Elegy for Iris
  • Elegy for Iris
  • Elegy for Iris

Elegy for Iris

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by John Bayley
     
 

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With remarkable tenderness, John Bayley recreates his passionate love affair with Iris Murdoch--world-renowned writer and philosopher, and his wife of forty-two years--and poignantly describes the dimming of her brilliance due to Alzheimer's disease. Elegy for Iris is a story about the ephemeral beauty of youth and the sobering reality of what it means to

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Overview

With remarkable tenderness, John Bayley recreates his passionate love affair with Iris Murdoch--world-renowned writer and philosopher, and his wife of forty-two years--and poignantly describes the dimming of her brilliance due to Alzheimer's disease. Elegy for Iris is a story about the ephemeral beauty of youth and the sobering reality of what it means to grow old, but its ultimate power is that Bayley discovers great hope and joy in his celebration of Iris's life and their love. In its grasp of life's frailty and its portrayal of one of the great literary romances of this century, Elegy for Iris is a mesmerizing work of art that will be read for generations.

Editorial Reviews

From the Publisher

“This splendid book enlarges our imagination of the range and possibilities of love.” —Mary Gordon, The New York Times Book Review

“Magnificently, hauntingly humane.” —Michael Pakenham, The Baltimore Sun

“Bayley's restrained and elegant love song to his wife of 42 years . . . is beautiful and heartbreaking. Full of spirit, generous and resilient.” —Gail Caldwell, The Boston Globe

“A beautifully rendered portrait . . . Bayley reaffirms how suffering can ennoble the human heart. [Elegy for Iris] is an affecting remembrance of one of the great literary marriages of our time. It celebrates the victory of life--and love.” —Wendell Brock, The Atlanta Journal-Constitution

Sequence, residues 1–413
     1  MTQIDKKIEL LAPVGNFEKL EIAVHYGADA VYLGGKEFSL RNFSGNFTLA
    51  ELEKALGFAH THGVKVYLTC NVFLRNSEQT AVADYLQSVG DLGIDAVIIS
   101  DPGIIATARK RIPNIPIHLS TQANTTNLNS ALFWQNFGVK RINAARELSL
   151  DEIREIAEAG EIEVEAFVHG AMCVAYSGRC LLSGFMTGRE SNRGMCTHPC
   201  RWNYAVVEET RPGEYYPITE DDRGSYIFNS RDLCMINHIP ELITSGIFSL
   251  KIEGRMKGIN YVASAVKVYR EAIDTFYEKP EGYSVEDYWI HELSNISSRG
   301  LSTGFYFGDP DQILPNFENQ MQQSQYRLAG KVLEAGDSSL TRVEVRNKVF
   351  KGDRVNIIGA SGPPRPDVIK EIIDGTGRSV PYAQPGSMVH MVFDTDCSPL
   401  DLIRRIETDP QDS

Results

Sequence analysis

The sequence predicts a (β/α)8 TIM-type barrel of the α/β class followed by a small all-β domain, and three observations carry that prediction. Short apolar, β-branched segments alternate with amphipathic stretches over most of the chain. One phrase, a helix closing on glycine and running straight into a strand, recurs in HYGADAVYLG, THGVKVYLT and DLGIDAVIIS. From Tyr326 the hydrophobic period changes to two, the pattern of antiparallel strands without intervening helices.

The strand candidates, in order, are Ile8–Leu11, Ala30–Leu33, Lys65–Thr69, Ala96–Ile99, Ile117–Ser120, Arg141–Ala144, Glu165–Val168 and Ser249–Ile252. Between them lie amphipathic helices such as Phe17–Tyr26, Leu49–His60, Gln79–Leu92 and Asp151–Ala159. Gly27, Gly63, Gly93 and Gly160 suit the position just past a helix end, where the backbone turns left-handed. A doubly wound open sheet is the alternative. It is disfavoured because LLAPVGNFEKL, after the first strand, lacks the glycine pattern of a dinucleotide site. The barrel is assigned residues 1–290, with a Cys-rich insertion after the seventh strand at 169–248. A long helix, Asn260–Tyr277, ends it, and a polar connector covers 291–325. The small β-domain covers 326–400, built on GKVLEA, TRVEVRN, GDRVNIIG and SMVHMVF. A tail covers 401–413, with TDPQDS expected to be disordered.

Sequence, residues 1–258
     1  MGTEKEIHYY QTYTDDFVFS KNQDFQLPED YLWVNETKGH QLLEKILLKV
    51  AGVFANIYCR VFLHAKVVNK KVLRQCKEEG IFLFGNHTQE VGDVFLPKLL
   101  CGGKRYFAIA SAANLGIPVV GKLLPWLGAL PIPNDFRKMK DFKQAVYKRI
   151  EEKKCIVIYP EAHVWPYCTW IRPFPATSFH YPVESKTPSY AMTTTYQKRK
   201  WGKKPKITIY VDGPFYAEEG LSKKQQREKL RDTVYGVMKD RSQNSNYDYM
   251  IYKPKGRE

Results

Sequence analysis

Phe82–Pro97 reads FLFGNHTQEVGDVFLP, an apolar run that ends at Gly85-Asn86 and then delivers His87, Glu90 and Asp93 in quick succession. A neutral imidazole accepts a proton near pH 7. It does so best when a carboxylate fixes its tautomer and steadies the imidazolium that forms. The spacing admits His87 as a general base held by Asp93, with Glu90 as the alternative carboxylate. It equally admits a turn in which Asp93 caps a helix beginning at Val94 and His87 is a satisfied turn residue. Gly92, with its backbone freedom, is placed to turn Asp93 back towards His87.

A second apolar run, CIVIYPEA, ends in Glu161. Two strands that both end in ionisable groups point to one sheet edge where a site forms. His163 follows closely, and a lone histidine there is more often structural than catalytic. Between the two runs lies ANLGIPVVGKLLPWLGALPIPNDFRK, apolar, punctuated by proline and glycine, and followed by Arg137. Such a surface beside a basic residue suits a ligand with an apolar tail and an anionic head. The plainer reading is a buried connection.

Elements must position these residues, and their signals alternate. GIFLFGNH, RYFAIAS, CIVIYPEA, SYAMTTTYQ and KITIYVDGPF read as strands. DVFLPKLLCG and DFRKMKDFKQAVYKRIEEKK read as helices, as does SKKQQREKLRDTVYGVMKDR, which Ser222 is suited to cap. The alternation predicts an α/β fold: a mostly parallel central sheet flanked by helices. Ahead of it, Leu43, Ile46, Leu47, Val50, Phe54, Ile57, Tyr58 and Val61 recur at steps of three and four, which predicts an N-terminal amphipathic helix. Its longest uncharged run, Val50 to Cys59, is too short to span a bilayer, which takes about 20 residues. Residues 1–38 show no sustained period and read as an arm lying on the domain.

“A heart-melting love story and an erudite inquiry into the nature of personality, memory, and invention. Wise and full of grace.” —Shelby Hearon, The Chicago Tribune

Elegy for Iris is a work of art. As beautiful as it is wise, Elegy for Iris has already become a classic memoir and a remedy for modern love. Read it and, if you dare, give it to someone you love.” —Tom D'Evelyn, Providence Sunday Journal

“Here, between the covers of an incredible book, is love . . . that doesn't hedge, love for which there are no ready outs, love that feels as inevitable as breathing, and the result is stunning.” —Abraham Verghese,The Los Angeles Times Book Review

“Heartfelt and admirably unsentimental . . . a testament to a love that has endured and transcended the most terrifying ravages of illness and old age.” —Francine Prose, Elle

“In Elegy for Iris I find my mother and father, my wife's parents, our friends, and us. I find shared lives, and hurts and forgivenesses, and joys that are greatest because nobody else knows them.” —Dan Rather

Product Details

ISBN-13:
9780312253820
Publisher:
Picador
Publication date:
11/01/1999
Edition description:
First Edition
Pages:
288
Sales rank:
769,928
Product dimensions:
5.50(w) x 8.50(h) x 0.81(d)

Meet the Author

John Bayley is an eminent literary critic who taught at Oxford for more than 30 years, and was chairman of the Booker Prize Committee. Iris Murdoch died in February of 1999.